BEFORE launching into this week's ciphers and last week's answers, we should first like to thank our readers for the loyal support which they are according this department.
That cryptography is continuing to interest the fans as much as ever is attested by the many fine ciphers submitted, and by the excellent solutions to published ciphers and interesting letters of comment that are continually finding their way to this desk.
As to reader ciphers, we should like to publish every single contribution if only to show the fans how much we appreciate their efforts. And we do plan to use reader ciphers whenever it is at all possible to do so. But, unfortunately, there are a number of reasons why this cannot always be done.
Some ciphers, for example, are far too easy. To publish one of these real easy ones means that we must dodge brickbats for a couple of weeks, hurled by outraged fans who insist that their eggs be hard boiled or not at all.
On the other hand, a few of the ciphers we receive are too involved to be practicable, or too lengthy in their descriptions to permit adequate presentation in our limited space.
These ciphers may be safe and ingenious enough, and they usually are. But they are ordinarily too complex to be practical. In other words, some of our readers are building their bridges of heavier steel than the load demands. But if these fans are in error, we can at least congratulate them in being on the safe side.
On the whole, however, our reader ciphers just about touch the spot. And many that we have selected for forthcoming articles are especially good in the originality of their ideas, and in the opportunities they afford of developing interesting methods of solution.
Another thing before we get down to brass tacks. Fans are suggesting that we publish lists of solvers. We do not think it feasible to publish lists every week. But how about having a list, say, once a month, covering all the ciphers published in a previous month? Let us have your opinion.
Last week's Cipher No. 119 (James McGuire) conveyed the message: "The trunk will arrive Thursday by Adams Express. Buck." The cryptogram was continuously written, each message letter being expressed by the two digits indicating its row and column in the accompanying key, where 10=A, 19=B, and so on.
0 9 8 7 6 1 A B C D E 2 F G H I J 3 K L M N O 4 P Q R S T 5 U V WX Y Z
The even number of figures, and the use of the first five digits alternately with the last five, should have suggested a five by five key square with two-unit symbols. Grouping by twos, the assumption that the recurrent sequence 46-28 represented T-H would then have led to the arrangement of the whole alphabet at one fell stroke.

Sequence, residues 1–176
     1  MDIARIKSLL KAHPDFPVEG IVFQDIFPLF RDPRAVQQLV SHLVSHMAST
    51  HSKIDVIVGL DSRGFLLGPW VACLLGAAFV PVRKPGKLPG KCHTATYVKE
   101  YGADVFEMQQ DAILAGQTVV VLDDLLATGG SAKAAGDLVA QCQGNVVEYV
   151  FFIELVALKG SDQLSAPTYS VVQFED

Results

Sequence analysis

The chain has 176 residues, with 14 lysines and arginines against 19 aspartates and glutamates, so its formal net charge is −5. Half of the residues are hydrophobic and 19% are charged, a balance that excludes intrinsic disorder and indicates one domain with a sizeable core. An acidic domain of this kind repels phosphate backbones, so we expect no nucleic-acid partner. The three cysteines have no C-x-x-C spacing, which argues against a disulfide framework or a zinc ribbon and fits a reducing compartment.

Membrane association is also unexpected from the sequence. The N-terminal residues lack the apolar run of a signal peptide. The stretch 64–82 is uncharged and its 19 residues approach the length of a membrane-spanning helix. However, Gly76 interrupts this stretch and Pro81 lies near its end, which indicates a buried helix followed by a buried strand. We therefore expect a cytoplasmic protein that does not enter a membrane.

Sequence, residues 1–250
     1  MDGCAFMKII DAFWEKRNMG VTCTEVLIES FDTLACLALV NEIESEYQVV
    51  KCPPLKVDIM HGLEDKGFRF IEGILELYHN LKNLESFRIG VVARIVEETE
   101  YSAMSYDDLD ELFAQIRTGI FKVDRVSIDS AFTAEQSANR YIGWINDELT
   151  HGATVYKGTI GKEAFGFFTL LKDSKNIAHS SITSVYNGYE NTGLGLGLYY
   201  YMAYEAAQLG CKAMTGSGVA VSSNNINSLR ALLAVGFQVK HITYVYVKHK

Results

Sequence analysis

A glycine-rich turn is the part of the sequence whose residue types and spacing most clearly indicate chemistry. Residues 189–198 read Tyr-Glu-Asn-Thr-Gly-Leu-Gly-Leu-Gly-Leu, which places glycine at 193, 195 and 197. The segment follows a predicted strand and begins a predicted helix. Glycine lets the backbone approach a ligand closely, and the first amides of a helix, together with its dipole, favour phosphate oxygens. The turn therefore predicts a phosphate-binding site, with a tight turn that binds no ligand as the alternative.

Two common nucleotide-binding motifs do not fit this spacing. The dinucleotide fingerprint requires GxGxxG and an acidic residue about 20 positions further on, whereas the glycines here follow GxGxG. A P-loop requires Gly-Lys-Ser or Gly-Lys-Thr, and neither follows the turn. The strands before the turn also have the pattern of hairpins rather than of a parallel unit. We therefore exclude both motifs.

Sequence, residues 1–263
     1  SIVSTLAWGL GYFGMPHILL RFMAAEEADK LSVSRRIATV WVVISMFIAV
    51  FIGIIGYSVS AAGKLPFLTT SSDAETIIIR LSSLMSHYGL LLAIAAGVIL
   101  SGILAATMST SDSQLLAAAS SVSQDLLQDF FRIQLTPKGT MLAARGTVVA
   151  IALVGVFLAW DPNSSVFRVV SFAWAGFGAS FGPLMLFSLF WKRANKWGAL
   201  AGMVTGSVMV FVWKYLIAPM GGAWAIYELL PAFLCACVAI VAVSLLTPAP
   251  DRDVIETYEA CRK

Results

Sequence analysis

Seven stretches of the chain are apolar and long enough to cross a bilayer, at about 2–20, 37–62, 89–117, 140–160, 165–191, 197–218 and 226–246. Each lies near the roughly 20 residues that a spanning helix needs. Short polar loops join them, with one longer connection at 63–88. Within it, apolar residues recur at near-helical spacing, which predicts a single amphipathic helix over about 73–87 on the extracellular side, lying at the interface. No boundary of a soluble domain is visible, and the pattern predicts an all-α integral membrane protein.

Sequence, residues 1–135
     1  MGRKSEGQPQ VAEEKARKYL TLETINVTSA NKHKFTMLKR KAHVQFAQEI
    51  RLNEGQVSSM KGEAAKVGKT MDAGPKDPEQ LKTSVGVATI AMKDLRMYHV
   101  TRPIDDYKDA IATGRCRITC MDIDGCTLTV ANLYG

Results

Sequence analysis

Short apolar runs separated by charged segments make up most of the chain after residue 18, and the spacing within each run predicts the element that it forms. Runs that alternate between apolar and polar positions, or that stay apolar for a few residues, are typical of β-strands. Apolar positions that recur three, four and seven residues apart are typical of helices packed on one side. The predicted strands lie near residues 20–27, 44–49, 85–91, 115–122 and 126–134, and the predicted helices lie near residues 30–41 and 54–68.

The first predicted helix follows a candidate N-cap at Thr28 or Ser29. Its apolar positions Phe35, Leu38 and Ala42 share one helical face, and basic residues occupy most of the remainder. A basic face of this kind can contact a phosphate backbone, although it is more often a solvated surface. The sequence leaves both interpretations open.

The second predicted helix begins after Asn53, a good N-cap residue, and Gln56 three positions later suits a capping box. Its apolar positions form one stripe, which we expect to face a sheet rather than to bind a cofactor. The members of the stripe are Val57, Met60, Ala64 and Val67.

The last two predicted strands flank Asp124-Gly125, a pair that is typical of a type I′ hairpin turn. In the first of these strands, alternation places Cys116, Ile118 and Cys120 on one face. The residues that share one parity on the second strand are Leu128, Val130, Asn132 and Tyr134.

Arthur Bellamy's transposition Cipher No. 120 conveyed this message: "It seems to me that a transposition cipher with a scheme of zigzag message is hardest." If you had a hunch that all was not well with the reversed words and parts of words occurring in this cryptogram, you held a key to the solution.
For about half of the message was merely written backward, as will be evident upon comparison with the accompanying diagram where it is set up for encipherment. Observe that the words ITEM, MERIT, et cetera, mentioned last week, are only accidental. Such coincidences are likely to happen in almost any literal transposition system.
How did you make out with No. 121? Here are all three keys: (a) SLEUTH; (b) CRYPTOGRAPHY; (c) "The evil that men do lives after them; the good is oft interred with their bones." The last of these is, of course, too long to be practicable for use with the United States military service double transposition cipher. But it was included to show how easy it is to decipher a long key of this type.
For example, by taking the numbers of this key in serial order, left to right, they may be grouped into fifteen series, 1 to 3, 4 to 6, 7 to 17, and so on, each of which will represent one or more consecutive letters of the alphabet.
Thus the series 7 to 17, from its length and relative place among the others, would at once suggest itself for E. In the same way the series 52 to 61 becomes T. Context and location to previously determined numbers also play important parts in deciphering.
This week's opener is a straight substitution cipher using an alphabet based on the standard typewriter keyboard. If you succeed in breaking the cipher, try to find Mr. Harper's method of constructing his alphabet. No. 123 is an example of the key phrase type of cipher which Edgar Allan Poe helped to make famous. In this kind of cipher a twenty-six letter phrase represents, letter for letter, the twenty-six letters of the ordinary alphabet. Any letter which is repeated in the key phrase thus becomes the symbol for more than one letter in the message alphabet. The present example, being so short, may prove quite difficult. Can you get it?
In No. 124 Mr. Walker offers you a transposition cipher in which he has very cleverly applied the alternate light and dark arrangement of squares on a checkerboard to determine the order of letters in a rectangle of prearranged dimensions. We'll wager that the result will keep you guessing until next' week! How about it ?
CIPHER No. 122 (L. A. Harper, San Francisco, California).
RZCBB MZBBCE SQC SJOLL'E MFV- ZBC ABVXCRKBLR. ZQVB FR UFJJ MQLRFLTB RQ NB QS XE KTMZ FLRBCBER XE XR VCBEBLR. (Signed) JXCCO.
CIPHER No. 123 (J. Lloyd Hood, Bastrop, Texas).
GSY GSLMSACG, GMSXI SAS GMSS, GASELS GPISME, GSMLASME.
CIPHER No. 124 (M. Walker, Akron, Ohio).
WSVET RRDWN NATEC FAEND NAETE NOIHF IRHEF VDHLO ODANS OTSAD INEIN WIEOH ITSSS NOIIM SERLC AWTGR CORML EIEFA EWJHQ R
The solutions to all of these ciphers will appear next week. In the meantime try your wits, and send us your answers.